Peter Rainer: Hi, I’m Peter Rainer. I’m with the faculty of the New York Film Academy. I’m the film critic for the Christian Science Monitor and NPR’s Film Week in Southern California. I have a book called “Rainer on Film; 30 Years of Film Writing in a Turbulent and Transformative Era.” It’s a collection of my essays and I’ve been at the critic biz for a very long time. What I’m going to talk about today is the films and filmmakers that have really inspired me as a critic and as just a regular moviegoer. Films that have really stayed with me and become a part of my life and have really opened my eyes to what movies can be.
Peter Rainer: I grew up in New York, mostly in the suburbs, but the city was where many of the great revival houses existed. They had a great old revival house in the village called the Bleecker Street Cinema, which was an amazing place. And I often would see as many great films as I could see. Also on television, there was a show called Million Dollar Movie and every night you would watch a film that they would show repeatedly throughout the week. So if you wanted to, you could see a film many, many times. In a weird way that sort of schooled me in how to look at film because when you’re obsessive enough, like I was, to keep seeing the same film over and over again, you begin to pick up on on what it’s like to put a film together, what the acting is like, the performances, you know, all of that kind of combines in a way to let you know that this film didn’t just happen. There were people who made the film, but when I was coming up, I’d sort of gave myself an education and in the process, I was also reading, you know, critics as I went along who wrote on movies. And when I was in college in the early 70s, that was a particularly fervid time for a film, I think, especially American film. It was a real breakthrough in what you could do as a filmmaker. You know, all of these films that I reviewed as a critic for my college newspaper, you know, week after week, you’d see Cabaret, Sounder, The Godfather, Mean Streets, The Sorrow and the Pity, The Story of Adele H., you know, all these great Altman movies, films by Peckinpah, Clockwork Orange, etc. I mean, there was just a ton of great stuff all the time. And I think what I discovered without really realizing it, although some readers pointed it out, was that I guess I sort of favor films that have a sort of humanistic angle. Which is not to say that I don’t love really all kinds of movies if they’re good. You know, people often say to me, well, are there any types of films that you particularly like or any genres that you really like or don’t like? And my answer is usually, not really. It sort of depends on the film, not on the genre. But I do sort of favor films that have a sort of humanistic angle, as opposed to the great big scale epic directors. There are certain directors who who have really stood out for me over the years, such as Vittorio de Sica, the early neorealist pictures that he made. John Renoir an all time great director. His focus was always on the human element. The Indian director, Satyajit Ray, is for me perhaps the greatest of all film artists. And his Apu Trilogy is for me, probably the greatest single entity and film. That and the first two Godfather movies.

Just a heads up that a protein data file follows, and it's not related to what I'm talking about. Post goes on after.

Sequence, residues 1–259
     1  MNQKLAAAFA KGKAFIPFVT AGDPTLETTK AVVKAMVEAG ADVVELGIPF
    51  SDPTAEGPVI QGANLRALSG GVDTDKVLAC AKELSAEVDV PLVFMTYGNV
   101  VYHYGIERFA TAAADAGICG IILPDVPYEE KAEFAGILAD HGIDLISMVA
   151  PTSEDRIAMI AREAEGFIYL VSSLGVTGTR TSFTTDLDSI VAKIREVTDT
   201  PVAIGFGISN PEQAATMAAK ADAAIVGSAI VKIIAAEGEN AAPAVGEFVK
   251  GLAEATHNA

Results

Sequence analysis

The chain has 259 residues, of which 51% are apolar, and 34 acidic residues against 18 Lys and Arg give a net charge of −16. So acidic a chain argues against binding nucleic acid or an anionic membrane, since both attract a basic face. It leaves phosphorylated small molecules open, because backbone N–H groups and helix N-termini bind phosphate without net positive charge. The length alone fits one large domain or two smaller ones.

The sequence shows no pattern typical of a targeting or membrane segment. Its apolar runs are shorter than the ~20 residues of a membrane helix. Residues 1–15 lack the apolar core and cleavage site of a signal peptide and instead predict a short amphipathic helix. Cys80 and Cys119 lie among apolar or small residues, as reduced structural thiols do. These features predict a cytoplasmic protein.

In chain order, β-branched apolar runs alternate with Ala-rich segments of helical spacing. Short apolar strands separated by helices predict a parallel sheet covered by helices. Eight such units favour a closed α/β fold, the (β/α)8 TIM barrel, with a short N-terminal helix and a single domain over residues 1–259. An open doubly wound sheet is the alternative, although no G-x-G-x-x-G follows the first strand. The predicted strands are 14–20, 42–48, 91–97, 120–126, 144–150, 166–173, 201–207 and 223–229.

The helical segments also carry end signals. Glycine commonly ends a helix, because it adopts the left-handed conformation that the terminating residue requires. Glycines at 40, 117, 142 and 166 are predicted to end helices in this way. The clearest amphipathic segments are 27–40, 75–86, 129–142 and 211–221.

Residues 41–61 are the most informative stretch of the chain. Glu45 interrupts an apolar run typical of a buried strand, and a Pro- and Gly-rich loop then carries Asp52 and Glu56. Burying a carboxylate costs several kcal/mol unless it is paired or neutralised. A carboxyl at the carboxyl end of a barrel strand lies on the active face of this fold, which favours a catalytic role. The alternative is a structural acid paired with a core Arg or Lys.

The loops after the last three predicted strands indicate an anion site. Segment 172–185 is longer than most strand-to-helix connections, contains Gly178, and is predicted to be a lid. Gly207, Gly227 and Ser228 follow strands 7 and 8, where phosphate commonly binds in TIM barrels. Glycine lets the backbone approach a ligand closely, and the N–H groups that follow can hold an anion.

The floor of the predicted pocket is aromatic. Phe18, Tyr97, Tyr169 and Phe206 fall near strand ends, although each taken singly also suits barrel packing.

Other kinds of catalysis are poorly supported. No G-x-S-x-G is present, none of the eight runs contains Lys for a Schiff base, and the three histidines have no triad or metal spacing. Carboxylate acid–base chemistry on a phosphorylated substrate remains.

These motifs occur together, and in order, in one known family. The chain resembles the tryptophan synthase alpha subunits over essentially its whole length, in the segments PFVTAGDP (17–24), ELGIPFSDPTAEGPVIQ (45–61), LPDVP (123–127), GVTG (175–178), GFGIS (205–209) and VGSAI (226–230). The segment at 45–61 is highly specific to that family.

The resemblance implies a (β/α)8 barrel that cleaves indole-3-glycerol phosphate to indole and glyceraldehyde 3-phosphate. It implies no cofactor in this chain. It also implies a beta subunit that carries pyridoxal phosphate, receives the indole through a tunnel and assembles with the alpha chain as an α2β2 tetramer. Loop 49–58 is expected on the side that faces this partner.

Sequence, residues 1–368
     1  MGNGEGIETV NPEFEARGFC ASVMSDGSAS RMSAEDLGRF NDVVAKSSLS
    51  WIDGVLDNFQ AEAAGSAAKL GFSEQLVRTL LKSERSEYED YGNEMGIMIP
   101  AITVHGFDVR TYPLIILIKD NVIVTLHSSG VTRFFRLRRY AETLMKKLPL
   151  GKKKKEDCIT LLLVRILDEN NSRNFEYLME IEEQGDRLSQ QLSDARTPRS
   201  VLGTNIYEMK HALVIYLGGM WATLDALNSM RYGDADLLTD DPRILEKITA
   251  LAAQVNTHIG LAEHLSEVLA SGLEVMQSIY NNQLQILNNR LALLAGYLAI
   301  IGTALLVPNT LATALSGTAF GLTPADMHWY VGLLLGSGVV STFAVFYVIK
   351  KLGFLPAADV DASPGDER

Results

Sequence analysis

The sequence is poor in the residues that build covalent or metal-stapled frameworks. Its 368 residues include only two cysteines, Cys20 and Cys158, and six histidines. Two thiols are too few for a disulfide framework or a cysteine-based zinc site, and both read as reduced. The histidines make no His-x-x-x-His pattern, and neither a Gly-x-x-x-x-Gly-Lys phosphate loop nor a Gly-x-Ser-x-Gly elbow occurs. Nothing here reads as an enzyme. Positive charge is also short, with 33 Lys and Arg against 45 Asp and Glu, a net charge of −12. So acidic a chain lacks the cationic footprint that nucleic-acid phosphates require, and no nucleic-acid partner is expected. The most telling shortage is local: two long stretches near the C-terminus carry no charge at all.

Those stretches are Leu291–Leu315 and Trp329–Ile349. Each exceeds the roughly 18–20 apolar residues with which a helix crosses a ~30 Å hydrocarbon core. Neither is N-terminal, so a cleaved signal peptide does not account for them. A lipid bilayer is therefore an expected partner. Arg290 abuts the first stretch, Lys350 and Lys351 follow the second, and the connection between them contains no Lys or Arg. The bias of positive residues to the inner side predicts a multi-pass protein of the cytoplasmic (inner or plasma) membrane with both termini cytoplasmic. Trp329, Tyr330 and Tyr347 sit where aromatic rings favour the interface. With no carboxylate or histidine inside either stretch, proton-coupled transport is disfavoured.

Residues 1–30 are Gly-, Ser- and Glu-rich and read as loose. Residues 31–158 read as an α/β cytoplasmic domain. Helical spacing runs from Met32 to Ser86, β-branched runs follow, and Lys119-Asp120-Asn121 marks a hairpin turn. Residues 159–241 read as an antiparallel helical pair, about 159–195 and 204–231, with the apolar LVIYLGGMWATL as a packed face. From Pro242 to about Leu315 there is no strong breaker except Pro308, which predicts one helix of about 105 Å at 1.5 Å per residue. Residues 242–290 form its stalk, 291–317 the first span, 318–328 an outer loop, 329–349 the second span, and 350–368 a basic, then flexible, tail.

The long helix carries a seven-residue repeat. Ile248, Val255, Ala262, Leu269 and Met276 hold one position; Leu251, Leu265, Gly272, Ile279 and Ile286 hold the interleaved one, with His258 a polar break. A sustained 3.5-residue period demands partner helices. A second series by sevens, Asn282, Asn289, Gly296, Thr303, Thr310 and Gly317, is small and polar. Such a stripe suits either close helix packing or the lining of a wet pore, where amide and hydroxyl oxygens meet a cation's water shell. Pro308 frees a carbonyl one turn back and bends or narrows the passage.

Clip: I want you to rest well and in a month from now this Hollywood bigshot’s gonna give you what you want.
Clip: It’s too late. They start shooting in a week.
Clip: I’m gonna make him an offer he can’t refuse.
Peter Rainer: And then also, Yasujiru Ozu, whose film Tokyo Story especially, is this is for me one of the three or four greatest films ever made.
Clip: [Clip from Tokyo Story in Japanese]
Peter Rainer: And Ozu was was a director who worked in an extremely rigorous style. You’d be hard pressed to find any camera movement whatsoever in his films. But what he was able to accomplish as a director was was to really, again, bring out the human element in these people and focus on what’s important. And I think that that’s really something that people have to be reminded of, particularly in this day and age when people are making movies and they often feel that if they’re not showing off with the camera, that somehow, you know, something is, is amiss. That they’re not really utilizing the medium, that they’re, they’re just being, you know, stage people and not movie people. And my feeling is, if you get a powerful experience from watching something on screen, then to argue if it’s, you know, not movie-ish enough, it has no real value. Some of the best films ever made have been movies that could probably have worked on stage. What you’re looking for is the experience that you take away from seeing something. And I think that that can work with a director as spare and rigorous as Ozu, stylistically, or as flamboyant as DePalma or a Japanese director like Mizuguchi or Kurosawa, who are always considered, particularly Kurosawa, the, quote, most western of directors. And that was because he filled with such dynamism in films like Seven Samurai, one of my favorite films, or Yojimbo or Rashomon or any number of other of his films, that he, in a sense out-Hollywood-ed Hollywood. But that’s a very different approach to film than Ozu and they’re equally great if the results are.